Make sure you speak with your lab before handing the film over to them. Confirm they can process color infrared film without issues, as some development machines use infrared sensors within the machine to detect chemistry levels that will ruin your film.
Rob had all his film for this series processed at Rewind Photo Lab in Sydney.
Enjoying the new Peter Jackson Beatles documentary on Disney +? Beatles obsessives and photo historians will also be interested in checking out some never-seen-before shots of the fabs, taken by another larger-than-life character, Lord Christopher Thynne
Thynne (1934 – 2017) shot the band in spring 1964 on the movie set of Hard Day’s Night.
The son of the 6th Marquess of Bath, Thynne had been sacked as controller of the family seat in Longleat and was pursuing a more bohemian lifestyle in swinging London. The negatives remained undeveloped for 57 years but were recently rediscovered.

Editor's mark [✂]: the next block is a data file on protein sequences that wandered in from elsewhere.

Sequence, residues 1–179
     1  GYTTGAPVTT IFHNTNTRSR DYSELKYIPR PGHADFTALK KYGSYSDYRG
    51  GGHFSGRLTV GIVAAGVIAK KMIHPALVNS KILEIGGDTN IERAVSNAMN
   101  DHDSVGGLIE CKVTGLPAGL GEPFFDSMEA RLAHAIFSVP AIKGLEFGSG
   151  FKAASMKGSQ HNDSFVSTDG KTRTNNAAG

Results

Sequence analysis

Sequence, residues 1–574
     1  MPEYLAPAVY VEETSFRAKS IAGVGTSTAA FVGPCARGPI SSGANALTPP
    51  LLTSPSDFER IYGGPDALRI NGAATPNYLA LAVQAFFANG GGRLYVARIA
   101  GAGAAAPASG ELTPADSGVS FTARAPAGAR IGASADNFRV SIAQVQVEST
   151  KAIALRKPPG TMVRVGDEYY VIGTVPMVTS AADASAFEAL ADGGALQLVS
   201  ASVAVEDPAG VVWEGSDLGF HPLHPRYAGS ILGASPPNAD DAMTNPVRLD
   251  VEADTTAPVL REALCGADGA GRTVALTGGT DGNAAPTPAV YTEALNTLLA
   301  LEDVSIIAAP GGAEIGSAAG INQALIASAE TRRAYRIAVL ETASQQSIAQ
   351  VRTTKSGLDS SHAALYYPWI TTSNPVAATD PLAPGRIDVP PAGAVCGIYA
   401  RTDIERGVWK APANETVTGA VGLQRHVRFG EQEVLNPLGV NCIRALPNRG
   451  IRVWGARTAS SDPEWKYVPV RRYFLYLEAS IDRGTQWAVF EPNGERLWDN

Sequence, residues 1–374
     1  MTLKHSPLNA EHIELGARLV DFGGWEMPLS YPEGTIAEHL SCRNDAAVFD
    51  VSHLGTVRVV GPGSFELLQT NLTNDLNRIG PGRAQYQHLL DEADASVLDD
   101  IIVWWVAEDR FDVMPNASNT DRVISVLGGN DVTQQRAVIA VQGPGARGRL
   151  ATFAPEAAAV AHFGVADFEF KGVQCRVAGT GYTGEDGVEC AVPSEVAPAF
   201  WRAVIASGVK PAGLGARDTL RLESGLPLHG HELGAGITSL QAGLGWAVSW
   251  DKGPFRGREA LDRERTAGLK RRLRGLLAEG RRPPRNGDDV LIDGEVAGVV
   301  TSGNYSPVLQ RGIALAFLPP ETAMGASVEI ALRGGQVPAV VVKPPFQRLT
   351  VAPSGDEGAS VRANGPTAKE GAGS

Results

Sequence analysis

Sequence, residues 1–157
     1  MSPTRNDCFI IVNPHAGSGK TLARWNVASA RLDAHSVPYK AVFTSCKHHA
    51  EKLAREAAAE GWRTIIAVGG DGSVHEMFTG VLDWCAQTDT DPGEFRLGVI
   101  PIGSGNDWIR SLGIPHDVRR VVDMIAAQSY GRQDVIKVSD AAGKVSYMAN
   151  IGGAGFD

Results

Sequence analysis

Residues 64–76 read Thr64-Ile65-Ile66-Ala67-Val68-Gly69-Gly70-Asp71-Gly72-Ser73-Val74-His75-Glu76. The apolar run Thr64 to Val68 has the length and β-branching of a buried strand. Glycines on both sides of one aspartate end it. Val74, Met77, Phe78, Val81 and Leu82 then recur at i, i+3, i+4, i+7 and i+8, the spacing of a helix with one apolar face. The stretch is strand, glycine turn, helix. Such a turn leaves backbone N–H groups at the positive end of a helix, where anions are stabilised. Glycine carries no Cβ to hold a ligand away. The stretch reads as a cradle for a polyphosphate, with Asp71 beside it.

Thynne, while not as well known as his even more colourful brother Alexander, aka the Loins of Longleat, also made headlines in his own right. His photography, however, ended up taking a back seat.
The images are on show at the Shapero Modern Gallery in Mayfair, central London, from December 9 to January 16, 2022 and admission is free.
Tabitha Philpott-Kent, Gallery Director, comments: “It’s an amazing opportunity to see a rare collection of important, never-seen-before images. These unearthed images will be on sale for £400 – £650 for a limited period of time only. As we approach the festive season, these photographic prints will delight Beatles fans across the world and provide a brilliant investment for collectors of art, photography and music memorabilia.”
Each of the developed prints are available in two sizes, but strictly limited to 35 of each. When Thynne shot the moptops, they’d just returned from their first tour of the United States and were on the brink of their celebrated 1964 World Tour, which sparked a mania and fandom so colossal that the Spectator described it as ‘hysterical’.